As rescue efforts continue in the wake of the 6.2-magnitude earthquake which struck Italy on Wednesday (24 August) there are fears for the fate of cultural heritage sites and some 3,000 works of art.

Cultural Minister Dario Franceschini has emphasised that the government’s first priority is with saving lives and according to reports, the death toll from the deadly quake stood at 267 this morning (26 August) and families of the deceased are preparing to hold the first funerals.

Alongside this, the crisis unit of Italy’s cultural ministry met with the Carabinieri yesterday to agree a heritage preservation strategy. At a press conference yesterday (25 August), Franceschini announced that 293 historic buildings, many of them churches, within 20km of the epicentre of the quake are known to have been badly damaged or destroyed. Fifty cultural heritage sites subject to a first inspection by Italy’s specialist paramilitary art squad, the Carabinieri, have largely collapsed. The squad members are continuing to survey the area and expect to find an even greater loss to Italian cultural heritage.

Franceschini expressed the urgent need to “take action straight away, even as the ruins are being cleared” to preserve Italy’s cultural heritage. The ministry stated that it would seek to implement the strategy to protect heritage sites across Lazio, Umbria, Le Marche and Abruzzo “only after the first emergency phase, which must be concerned with saving lives and assisting the affected populations”.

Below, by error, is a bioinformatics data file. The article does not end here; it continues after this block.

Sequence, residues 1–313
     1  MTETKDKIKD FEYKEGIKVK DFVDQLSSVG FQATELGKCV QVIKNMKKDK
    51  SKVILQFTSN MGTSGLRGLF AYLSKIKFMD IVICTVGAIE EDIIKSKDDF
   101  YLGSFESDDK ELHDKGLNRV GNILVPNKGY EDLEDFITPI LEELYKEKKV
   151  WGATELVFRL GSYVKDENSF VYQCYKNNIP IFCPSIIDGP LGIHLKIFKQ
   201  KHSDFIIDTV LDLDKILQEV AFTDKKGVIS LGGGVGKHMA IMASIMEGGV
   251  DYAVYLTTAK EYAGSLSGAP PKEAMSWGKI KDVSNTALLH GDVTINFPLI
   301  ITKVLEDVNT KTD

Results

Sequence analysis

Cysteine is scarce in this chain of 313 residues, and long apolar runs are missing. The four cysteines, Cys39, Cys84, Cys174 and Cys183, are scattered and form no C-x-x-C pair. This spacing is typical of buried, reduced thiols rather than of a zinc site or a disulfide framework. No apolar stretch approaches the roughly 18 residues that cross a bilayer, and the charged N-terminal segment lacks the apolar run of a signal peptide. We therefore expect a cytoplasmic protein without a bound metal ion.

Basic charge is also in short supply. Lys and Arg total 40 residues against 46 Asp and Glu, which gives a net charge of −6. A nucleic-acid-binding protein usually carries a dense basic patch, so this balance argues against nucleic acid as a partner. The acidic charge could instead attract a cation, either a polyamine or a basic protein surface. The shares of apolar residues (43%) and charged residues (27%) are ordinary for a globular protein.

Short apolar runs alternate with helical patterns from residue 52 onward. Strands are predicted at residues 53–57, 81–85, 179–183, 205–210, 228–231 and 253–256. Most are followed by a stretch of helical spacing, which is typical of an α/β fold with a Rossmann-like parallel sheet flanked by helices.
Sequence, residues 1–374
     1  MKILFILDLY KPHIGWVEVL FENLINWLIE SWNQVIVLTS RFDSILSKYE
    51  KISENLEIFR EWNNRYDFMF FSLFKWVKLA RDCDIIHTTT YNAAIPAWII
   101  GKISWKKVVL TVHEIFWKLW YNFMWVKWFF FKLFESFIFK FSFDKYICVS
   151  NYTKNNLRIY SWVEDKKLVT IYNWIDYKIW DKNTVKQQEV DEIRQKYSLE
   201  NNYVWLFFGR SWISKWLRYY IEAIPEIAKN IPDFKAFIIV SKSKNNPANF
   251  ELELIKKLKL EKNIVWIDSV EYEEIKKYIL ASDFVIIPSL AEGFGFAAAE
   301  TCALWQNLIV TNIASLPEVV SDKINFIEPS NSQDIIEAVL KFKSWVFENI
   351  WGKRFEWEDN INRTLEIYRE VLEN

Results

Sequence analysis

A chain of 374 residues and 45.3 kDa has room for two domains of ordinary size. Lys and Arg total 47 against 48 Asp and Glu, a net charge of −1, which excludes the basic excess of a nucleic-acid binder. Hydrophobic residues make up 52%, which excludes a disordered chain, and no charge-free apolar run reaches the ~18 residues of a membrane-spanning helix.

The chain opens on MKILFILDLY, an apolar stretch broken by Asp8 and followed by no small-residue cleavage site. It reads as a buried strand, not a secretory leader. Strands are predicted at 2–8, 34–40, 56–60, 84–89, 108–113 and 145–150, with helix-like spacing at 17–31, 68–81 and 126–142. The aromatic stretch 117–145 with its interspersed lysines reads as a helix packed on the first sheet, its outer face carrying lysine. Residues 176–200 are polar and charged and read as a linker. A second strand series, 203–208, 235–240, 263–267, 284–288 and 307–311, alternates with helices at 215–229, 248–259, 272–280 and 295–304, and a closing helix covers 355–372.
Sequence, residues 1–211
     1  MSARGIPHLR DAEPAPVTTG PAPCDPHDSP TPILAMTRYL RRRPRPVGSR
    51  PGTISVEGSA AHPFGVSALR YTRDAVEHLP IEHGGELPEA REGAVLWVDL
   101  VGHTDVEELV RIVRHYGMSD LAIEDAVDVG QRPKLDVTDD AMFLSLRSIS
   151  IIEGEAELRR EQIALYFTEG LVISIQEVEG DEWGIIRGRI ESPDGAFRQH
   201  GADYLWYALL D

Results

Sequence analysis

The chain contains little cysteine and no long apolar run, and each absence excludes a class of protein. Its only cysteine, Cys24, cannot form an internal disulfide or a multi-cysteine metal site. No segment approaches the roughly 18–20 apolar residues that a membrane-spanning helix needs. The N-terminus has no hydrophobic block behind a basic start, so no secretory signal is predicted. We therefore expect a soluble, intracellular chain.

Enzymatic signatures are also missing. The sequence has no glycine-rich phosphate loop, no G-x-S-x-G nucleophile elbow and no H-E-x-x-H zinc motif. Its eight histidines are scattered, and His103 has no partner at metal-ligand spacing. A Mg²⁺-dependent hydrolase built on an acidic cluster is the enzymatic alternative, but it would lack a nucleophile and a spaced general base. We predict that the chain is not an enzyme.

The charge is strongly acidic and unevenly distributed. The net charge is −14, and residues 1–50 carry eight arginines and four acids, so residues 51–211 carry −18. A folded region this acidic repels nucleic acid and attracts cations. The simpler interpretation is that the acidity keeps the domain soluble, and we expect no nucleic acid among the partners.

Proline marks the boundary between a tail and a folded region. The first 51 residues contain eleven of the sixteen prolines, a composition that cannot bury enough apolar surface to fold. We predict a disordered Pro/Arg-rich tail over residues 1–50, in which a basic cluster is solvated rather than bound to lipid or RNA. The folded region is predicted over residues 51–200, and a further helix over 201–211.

On Sunday (28 August), all income from Italy’s state museums and archaeological sites will be donated to the regions recovering from the impact of the earthquake. The nationwide fundraising drive was inspired by the initiative of cultural officials in Turin who on Wednesday announced the decision to donate all takings from the city’s museums to the relief efforts. “In a moment like this… it is important to reaffirm the role of culture by making it available to those who are suffering in this terrible tragedy” the council stated.